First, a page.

Taking innovation to the poor: Lessons from sanitation activists in India
Ramani, Shyama V.
Sadre Ghazi, Shuan
MetadataShow full item record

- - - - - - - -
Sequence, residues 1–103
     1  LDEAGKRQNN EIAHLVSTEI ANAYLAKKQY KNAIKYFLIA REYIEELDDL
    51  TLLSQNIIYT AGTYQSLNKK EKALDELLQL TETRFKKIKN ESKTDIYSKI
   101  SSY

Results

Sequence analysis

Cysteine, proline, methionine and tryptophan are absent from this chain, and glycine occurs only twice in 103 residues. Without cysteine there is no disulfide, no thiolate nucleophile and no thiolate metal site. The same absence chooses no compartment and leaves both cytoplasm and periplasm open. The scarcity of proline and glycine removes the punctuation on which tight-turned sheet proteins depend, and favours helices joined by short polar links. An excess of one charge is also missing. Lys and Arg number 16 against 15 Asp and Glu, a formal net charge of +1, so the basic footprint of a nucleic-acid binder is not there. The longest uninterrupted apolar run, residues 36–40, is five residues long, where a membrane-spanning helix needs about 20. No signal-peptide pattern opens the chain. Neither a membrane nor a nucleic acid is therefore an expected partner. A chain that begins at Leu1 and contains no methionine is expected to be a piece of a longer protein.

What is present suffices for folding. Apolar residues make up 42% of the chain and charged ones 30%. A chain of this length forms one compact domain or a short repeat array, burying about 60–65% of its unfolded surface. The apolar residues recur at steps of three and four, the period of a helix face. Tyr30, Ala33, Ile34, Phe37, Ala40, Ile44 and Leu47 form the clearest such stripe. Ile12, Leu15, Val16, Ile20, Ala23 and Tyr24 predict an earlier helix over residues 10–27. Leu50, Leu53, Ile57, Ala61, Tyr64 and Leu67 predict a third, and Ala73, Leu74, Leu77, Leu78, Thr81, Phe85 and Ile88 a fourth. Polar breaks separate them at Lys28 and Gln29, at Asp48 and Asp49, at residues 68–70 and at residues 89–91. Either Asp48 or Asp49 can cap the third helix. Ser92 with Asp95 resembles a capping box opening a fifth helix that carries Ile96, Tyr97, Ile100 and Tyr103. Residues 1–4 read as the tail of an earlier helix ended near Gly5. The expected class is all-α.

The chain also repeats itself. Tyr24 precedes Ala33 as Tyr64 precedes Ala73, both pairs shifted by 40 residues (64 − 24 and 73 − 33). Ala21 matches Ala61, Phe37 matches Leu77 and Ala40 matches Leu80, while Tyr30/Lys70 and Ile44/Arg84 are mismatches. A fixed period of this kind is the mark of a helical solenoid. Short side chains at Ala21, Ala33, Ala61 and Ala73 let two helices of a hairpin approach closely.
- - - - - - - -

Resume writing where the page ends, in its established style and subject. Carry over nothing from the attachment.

There is an emerging body of literature that examines how pro-poor innovations should be created and what business models should accompany them. However, there is little on actual implementation practises and the present paper attempts to fill this void by analyzing the findings of the literature and confronting them with the actual field practises of sanitation activists in India. It demonstrates that the common thread that unifies progressive sanitation activists is their adoption of the ‘market based approach’, which works from the premise that if the facilities constructed are to be used efficiently, first a real demand must be created among end-users. Market failures stemming from the demand side are shown to be due to problems of expressions of demand as a function of perception of needs and their mismatching with perceptions of the value of the innovation which is targeted to eliminate the market failure in the first place. It also identifies how activists go beyond the academic model of assessing need, appropriateness of technology and demand to include practises for ‘accompaniment’, ‘sustainable maintenance’ and ‘generation of knowledge, demand and innovation spillovers’ in an endogenous fashion, providing an alternative to the ‘centralized platform delivery’ model’.